Chances are, if you’re facing your second DUI charge, you already know that you’re facing some very serious legal issues. Even if you managed to get off light on your first DUI charge, someone should have made very clear to you what the potential consequences of a second DUI could be.
None of that matters if you’re already facing the charge, though. What’s important now is to make sure you have the best representation possible so that you can face the charge and receive the best possible results.
While a DUI is handled differently from one state to the next, it is considered a very serious problem throughout the United States, and is a charge which few judges are inclined to show clemency on. If you are facing a DUI charge, especially if it is your second DUI, you need to contact a tough, experienced DUI attorney right away.
The sooner you have someone on your case, the more time they will have to build a defense for you. Make sure the attorney you use limits his practice to DUI defense and that he has a proven track record with second DUI cases.
DUIs are treated differently from one state to the next, but wherever you are, you can count on the court system to take a second DUI offense very seriously. You need a seasoned DUI defense attorney who takes your defense and your rights just as seriously as the court takes your offense.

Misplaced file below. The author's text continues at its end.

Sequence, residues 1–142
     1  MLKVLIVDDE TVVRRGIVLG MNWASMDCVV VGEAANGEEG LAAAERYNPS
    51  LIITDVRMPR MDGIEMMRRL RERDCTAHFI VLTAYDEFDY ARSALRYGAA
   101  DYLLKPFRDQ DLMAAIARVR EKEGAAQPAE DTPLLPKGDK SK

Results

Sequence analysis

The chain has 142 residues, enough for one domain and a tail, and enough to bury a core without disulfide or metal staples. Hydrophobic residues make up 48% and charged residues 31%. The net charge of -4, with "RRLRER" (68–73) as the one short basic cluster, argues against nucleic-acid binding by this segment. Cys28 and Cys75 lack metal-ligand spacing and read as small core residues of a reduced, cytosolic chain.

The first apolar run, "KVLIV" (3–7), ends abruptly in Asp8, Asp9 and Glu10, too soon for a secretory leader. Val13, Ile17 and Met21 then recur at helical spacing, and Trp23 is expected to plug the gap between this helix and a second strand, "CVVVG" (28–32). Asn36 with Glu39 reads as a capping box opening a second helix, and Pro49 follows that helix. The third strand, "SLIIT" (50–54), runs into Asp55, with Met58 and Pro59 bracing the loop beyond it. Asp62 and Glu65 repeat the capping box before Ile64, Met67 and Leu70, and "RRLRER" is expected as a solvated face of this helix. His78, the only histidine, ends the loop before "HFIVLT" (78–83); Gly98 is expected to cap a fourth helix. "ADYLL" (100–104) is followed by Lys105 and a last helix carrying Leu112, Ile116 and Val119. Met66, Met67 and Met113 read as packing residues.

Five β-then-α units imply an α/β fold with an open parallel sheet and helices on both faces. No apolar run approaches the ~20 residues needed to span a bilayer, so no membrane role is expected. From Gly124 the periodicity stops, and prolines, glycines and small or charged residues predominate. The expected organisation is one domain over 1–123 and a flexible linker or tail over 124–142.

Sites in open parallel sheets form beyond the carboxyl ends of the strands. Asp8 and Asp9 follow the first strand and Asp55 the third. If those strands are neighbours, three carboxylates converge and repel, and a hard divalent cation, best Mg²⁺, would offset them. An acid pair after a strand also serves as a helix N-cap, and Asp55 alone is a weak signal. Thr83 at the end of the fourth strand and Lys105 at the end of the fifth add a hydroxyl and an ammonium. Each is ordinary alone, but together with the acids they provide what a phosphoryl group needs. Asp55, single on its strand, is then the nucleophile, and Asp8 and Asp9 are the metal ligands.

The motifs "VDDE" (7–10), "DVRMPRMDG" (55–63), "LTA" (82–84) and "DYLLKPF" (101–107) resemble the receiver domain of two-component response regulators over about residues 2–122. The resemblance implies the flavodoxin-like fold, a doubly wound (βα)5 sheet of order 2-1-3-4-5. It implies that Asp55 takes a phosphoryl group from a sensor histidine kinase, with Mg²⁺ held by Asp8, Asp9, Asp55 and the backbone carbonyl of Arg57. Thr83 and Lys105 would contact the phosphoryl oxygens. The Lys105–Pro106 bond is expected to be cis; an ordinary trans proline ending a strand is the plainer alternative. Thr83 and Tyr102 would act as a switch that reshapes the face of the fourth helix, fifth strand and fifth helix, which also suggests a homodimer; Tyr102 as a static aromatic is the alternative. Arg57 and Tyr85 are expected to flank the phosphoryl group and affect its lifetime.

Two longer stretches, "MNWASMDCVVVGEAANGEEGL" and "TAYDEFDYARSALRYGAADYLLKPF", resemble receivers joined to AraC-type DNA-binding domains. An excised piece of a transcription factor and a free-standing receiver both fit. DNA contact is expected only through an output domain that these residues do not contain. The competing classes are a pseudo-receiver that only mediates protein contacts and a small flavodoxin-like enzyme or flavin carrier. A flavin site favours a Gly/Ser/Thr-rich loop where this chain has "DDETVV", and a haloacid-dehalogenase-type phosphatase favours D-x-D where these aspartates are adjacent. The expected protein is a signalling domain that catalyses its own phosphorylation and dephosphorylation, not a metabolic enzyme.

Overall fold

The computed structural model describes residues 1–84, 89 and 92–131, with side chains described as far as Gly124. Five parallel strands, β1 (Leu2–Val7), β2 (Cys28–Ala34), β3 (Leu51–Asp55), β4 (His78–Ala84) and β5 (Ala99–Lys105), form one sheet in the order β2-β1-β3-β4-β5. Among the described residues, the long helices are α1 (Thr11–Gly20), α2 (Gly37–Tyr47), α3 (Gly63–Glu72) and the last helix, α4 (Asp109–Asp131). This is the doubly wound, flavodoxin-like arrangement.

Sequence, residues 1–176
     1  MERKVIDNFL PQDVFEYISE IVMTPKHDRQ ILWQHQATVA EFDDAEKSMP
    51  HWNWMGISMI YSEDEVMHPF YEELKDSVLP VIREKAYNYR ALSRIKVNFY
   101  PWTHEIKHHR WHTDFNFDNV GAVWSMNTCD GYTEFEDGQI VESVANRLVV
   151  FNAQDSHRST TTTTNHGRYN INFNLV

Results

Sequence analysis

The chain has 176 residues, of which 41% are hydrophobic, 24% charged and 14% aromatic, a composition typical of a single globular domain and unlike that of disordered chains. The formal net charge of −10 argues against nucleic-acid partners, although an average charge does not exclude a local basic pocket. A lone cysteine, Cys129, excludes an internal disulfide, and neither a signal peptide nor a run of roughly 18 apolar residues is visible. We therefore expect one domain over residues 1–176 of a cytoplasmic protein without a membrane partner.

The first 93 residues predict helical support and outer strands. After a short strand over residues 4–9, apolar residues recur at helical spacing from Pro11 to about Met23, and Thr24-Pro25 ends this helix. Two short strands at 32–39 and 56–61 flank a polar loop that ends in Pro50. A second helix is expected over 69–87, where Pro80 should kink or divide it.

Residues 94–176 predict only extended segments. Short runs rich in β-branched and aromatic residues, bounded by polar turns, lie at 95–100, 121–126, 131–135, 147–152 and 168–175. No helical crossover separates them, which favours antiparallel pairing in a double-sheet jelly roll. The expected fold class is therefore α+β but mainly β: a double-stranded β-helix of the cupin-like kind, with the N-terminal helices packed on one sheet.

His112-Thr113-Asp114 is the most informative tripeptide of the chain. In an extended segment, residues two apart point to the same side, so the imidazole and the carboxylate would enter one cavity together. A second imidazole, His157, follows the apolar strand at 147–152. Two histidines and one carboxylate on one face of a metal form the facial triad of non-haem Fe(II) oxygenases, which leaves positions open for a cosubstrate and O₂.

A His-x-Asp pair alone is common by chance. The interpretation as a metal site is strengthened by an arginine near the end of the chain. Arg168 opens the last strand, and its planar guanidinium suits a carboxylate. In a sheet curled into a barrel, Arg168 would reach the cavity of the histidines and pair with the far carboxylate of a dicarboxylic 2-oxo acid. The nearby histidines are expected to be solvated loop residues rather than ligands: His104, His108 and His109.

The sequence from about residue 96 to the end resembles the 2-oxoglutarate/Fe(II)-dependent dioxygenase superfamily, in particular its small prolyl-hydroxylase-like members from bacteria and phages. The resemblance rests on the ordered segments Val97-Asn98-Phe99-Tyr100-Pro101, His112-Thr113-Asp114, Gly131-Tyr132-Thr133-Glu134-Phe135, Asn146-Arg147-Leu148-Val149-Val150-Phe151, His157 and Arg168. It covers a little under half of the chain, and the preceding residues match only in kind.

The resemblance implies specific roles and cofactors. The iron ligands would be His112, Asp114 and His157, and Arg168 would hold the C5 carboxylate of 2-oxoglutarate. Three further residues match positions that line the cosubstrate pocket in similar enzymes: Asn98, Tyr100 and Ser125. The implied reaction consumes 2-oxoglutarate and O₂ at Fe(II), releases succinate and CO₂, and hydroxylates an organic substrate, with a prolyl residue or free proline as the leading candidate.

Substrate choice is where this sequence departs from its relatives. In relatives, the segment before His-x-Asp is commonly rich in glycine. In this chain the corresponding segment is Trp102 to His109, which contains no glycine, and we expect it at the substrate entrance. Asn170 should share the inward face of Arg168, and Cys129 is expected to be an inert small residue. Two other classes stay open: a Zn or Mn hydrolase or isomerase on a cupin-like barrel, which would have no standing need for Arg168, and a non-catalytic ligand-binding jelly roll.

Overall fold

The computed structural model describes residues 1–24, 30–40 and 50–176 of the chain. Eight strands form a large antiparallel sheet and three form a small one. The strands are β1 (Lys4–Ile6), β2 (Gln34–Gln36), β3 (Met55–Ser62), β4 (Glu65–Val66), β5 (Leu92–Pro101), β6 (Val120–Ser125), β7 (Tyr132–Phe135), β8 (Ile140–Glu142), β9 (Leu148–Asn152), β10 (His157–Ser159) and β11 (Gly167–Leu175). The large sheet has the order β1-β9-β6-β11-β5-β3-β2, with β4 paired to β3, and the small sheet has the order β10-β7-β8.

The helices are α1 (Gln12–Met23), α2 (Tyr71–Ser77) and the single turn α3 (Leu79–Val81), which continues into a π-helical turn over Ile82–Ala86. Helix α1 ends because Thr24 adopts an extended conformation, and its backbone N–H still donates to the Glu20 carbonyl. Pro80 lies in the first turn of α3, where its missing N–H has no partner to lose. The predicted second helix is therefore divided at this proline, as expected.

Using an experienced DUI attorney who is local to your area is key. A local attorney who limits his practice to DUI defense will be familiar with the judges in the area, and can make qualified recommendations to you based on experience with those judges and how they have handled second DUI charges in the past.
Every court situation is different, and there’s never a guarantee that you will be able to beat a second DUI charge or even that you will receive a light sentence, but having an attorney who limits his practice to DUI cases gives you the best chances of the best possible outcome given your situation.
Be prepared for any plea bargain your lawyer is able to work out for you to include some form of alcohol abuse classes or AA meetings. Even if you don’t believe you have a serious drinking problem (and perhaps you don’t; the legal limit for blood alcohol content is significantly below the level which would indicate a high degree of intoxication in many states) you will want to fully comply with your attorney’s suggestions to enter some form of alcohol abuse treatment before your case makes it to trial.